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Shasta County









            James R. Murphey, who for the past decade has been capably performing a very important public service, is one of Shasta county’s most popular citizens, being a man of sterling character and upright life.  He was born in Shasta County on the 20th of February, 1867, and is a son of William Valentine and Jerusha Powell (Dickenson) Murphey, the former a native of Kentucky and the latter of Virginia.  William V. Murphey went to Missouri, locating near Independence, where he engaged in the sheep business.  In 1849 he joined the historic rush to the gold mines of California, crossing the plains.  Locating at Jimtown, he turned his attention to mining, which he followed for some years, and then returned, across the plains to his Missouri home.  There he met and married Miss Dickenson and started again for California.  However, this time he took the longer route around Cape Horn and on his arrival in California located at the old town of Shasta, near Redding, in 1856.  He there engaged in mining for a time, but later attended the ditch for various miners for several years.  From there he moved to the Bald Hills country, where he engaged in the sheep business, which he followed to the time of his death.  To him and his wife were born eight children, as follows:  Mary; Lucy, the wife of Alfred Duncan; Josephine, who married Irby Jordan and whose son Robert is now one of the supervisors of Shasta County; Henry Clay, who died young; John C., who is engaged in the practice of law in Oakland, this state; James R., of this review; Charles M., a stockman and farmer, and Emma, deceased, who was the wife of Robert McKinney, a fruit rancher.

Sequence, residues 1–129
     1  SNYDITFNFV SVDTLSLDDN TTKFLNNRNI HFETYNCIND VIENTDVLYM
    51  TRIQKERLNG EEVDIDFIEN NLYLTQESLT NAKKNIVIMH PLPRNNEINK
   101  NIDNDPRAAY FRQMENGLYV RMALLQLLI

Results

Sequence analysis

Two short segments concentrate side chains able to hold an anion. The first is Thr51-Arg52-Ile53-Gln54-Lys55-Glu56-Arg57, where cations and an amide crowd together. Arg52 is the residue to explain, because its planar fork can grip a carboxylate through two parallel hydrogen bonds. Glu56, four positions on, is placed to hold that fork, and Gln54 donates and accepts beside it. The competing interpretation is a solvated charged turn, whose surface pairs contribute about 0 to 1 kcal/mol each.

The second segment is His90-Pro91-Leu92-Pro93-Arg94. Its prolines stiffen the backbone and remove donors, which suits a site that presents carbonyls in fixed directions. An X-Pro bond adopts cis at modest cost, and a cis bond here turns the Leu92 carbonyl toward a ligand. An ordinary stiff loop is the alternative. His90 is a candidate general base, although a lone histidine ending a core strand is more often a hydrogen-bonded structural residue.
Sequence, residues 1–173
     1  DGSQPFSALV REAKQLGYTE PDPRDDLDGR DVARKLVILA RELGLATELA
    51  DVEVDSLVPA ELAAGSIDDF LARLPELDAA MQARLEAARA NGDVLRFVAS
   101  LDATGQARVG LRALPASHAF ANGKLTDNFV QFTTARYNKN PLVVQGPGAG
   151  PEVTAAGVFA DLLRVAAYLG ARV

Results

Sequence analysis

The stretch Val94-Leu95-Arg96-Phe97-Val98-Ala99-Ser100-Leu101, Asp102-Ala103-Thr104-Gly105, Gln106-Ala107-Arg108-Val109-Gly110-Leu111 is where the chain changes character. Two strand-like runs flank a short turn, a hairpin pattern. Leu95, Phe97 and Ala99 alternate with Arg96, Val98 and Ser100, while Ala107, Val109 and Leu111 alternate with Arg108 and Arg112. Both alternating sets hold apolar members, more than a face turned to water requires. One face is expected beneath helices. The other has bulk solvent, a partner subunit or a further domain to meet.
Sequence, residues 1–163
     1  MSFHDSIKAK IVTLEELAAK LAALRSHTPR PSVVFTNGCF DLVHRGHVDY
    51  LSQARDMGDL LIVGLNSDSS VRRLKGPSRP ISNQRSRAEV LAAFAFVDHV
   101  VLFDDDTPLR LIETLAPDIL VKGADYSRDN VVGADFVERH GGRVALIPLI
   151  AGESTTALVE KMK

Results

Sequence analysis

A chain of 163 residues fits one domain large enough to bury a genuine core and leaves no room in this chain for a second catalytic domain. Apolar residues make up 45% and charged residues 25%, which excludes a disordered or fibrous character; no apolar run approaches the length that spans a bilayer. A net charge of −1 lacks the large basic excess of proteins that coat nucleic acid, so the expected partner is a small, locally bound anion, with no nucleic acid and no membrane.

James R. Murphey is very largely self-educated, as his early school privileges were very limited.  However, he has been a close reader and a keen observer and is a well informed man.  He learned the trade of a shoemaker, but later became a carpenter and contractor, which business he followed for a number of years.  For the past ten years he has had the job of killing mosquitoes in the Redding district, under the state abatement law, through action of which so much has been accomplished in various districts of California in getting rid of the mosquito pest.  He is painstaking and thorough in everything he undertakes and has been very efficient in his present work.  Mr. Murphey has been successful in his material affairs and is the owner of an entire block in Redding, as well as his fine home.  He also owns Echo Lake, a beautiful place in the mountains, which he expects to improve and use for his family and many friends.

            In 1893 Mr. Murphey was united in marriage to Miss Lucy Smith, a daughter of Michael and Margaret Smith, the former a miner.  Both Mr. and Mrs. Michael Smith died in Shasta County.  Mrs. Murphey was born in Mendocino County, this state, and is a woman of gracious manner and fine personal qualities, very popular among her many friends.  Mr. and Mrs. Murphey are the parents of eight children, as follows:  Jerusha, who lives in Redding; Andrew C., who is with the Southern Pacific Railroad and lives near Truckee; Martin H., who died in his youth; Ethel, who died in infancy; Martha R., who is in the Bank of Italy at Redding; Orion W., of Redding, who is married and has four children; Elzy V., who is in the employ of the Pacific Gas & Electric Company; and George Edward, who is with the same corporation.  Mr. and Mrs. Murphey have reared a splendid family; have stood consistently for those things which make for the permanent good of society, and are numbered among the best citizens of their home community.



Transcribed by Gerald Iaquinta.

Source: Wooldridge, J. W. Major, History of the Sacramento Valley California, Vol. 3  Pages 361-362. Pioneer Historical Publ. Co. Chicago 1931.

© 2010  Gerald Iaquinta.




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